Cost cutting threatens airport fire services

There are a lot of terrifying places to encounter a fire, but one of the worst has to be in or around an aircraft carrying 15,000 litres of fuel.

Aviation rescue firefighters are there to make sure you don’t have to, and if all the fail-safes don’t work, they are there to save your life. Like other firefighters and paramedics, they are facing government cutbacks.

Research conducted by Boeing indicates that 61 percent of serious air crashes occur during take-off or landing, and that the greatest danger passengers and crew face isn’t the impact. It’s fire.

Aircraft design is a marvel of modern engineering, with fabrics inside that are designed to be as resistant to fire as possible, and fuel tanks built tough to prevent explosion. But this design doesn’t protect people forever in a serious crash.

Aviation design aims to buy time: enough time for firefighters to respond. The goal is to keep passengers alive for five minutes – long enough for the uninjured to evacuate, and for firefighters to arrive and extinguish fires or save those too injured to escape under their own power.

Firefighters have to be on scene within three minutes if this critical timeline is to work. This is why 26 of Australia’s airports are staffed by firefighters equipped with state-of-the-art 30 tonne fire trucks. Between them they attend 6,700 aircraft and airport incidents and emergencies each year, varying from small fuel spills to major engine fires and light plane crashes, all the while training for the nightmare scenario of a jet airliner crashing.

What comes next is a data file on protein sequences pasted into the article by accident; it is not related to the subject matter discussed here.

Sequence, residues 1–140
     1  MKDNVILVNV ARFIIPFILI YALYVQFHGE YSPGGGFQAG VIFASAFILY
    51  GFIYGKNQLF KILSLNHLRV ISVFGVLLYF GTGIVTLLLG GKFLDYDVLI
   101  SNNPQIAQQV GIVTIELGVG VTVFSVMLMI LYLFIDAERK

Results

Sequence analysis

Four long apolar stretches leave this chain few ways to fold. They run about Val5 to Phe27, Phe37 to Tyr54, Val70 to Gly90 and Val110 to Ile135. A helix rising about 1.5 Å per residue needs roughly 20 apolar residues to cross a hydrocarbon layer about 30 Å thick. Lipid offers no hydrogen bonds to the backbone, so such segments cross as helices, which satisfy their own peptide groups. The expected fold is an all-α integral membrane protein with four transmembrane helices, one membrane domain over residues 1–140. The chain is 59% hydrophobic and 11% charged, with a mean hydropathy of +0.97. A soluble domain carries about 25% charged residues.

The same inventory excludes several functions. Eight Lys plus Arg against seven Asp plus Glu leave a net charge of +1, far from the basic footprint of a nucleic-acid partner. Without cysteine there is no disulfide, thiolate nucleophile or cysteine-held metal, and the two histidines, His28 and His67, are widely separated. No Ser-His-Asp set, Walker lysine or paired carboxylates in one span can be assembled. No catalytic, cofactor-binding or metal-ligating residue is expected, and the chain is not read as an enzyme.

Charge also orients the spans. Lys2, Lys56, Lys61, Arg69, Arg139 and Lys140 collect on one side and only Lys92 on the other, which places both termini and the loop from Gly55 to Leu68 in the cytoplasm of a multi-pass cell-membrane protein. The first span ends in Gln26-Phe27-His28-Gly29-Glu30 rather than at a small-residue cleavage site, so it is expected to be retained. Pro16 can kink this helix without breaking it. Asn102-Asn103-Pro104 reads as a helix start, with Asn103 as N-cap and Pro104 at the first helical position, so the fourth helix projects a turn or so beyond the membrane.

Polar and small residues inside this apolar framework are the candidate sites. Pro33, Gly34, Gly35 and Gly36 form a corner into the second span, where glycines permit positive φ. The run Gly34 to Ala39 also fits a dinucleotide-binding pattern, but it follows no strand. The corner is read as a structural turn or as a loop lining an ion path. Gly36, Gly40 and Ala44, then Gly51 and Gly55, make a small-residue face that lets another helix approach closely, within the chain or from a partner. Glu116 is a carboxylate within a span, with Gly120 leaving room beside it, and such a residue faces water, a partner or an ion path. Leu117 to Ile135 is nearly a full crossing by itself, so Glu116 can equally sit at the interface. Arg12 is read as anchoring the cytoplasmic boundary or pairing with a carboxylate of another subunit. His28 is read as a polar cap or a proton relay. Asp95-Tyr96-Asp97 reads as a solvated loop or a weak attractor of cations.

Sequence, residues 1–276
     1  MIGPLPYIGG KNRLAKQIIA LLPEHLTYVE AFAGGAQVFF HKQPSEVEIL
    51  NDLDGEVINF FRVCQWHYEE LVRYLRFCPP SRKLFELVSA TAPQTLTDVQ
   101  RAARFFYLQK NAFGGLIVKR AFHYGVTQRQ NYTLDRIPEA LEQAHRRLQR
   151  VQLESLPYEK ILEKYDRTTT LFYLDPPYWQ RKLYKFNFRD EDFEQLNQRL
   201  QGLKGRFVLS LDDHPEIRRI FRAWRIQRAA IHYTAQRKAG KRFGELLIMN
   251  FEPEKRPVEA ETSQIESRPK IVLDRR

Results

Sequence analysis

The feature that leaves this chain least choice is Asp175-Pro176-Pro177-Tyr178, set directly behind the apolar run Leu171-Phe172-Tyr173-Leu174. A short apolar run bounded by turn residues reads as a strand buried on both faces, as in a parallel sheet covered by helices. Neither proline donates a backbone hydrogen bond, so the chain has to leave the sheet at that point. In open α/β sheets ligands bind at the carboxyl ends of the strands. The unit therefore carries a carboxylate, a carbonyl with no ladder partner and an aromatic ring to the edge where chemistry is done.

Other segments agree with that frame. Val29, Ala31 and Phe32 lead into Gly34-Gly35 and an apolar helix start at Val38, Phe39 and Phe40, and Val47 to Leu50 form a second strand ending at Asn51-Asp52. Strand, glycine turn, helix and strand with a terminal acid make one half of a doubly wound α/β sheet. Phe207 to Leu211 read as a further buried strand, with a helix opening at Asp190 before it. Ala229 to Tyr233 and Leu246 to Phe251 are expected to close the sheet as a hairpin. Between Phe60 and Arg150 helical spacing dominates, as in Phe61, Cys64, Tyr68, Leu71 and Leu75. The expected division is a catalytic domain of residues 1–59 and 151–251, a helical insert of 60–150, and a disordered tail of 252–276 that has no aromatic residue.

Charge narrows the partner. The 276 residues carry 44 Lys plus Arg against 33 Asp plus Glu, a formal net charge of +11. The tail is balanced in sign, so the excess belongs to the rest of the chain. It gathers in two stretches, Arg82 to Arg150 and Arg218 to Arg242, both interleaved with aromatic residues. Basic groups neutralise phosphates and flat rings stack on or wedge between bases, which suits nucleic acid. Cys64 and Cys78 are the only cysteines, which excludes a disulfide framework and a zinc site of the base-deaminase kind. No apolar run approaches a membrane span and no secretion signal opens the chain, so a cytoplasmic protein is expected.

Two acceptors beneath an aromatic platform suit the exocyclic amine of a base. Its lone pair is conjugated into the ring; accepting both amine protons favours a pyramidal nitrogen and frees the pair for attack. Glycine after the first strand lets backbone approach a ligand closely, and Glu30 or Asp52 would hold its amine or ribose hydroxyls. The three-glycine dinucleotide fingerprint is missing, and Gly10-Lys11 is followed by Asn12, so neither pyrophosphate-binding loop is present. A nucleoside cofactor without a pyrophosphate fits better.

Or at least, that’s the state of play today.

The federal government is planning cuts to aviation rescue firefighter funding. This will lead to an end of these services at Coffs Harbour, Uluru, Gladstone, Broome and Newman airports. Any future airport emergencies that occur in those locations will be left in the hands of country firefighters without specialised aviation training.

Potentially even worse, the government is planning to reduce overnight shifts at Sydney International Airport from 17 firefighters and six trucks to eight firefighters and three trucks. While Sydney shouldn’t have scheduled flights landing during those hours, aircraft diverted in an emergency can land at any time and are the most likely to require firefighters on hand.

The proposed cuts come in a context of aviation rescue firefighters already often working double shifts and sleeping in improvised beds at the airport.

Society needs firefighters specialised in city fires, in aircraft fires, in marine fires and in rural fires. It doesn’t need corporate or government bean counters looking to save every cent they can to boost profits for privately run airports.

For more information about the fight to save aviation firefighting services, visit the United Firefighters Union campaign site at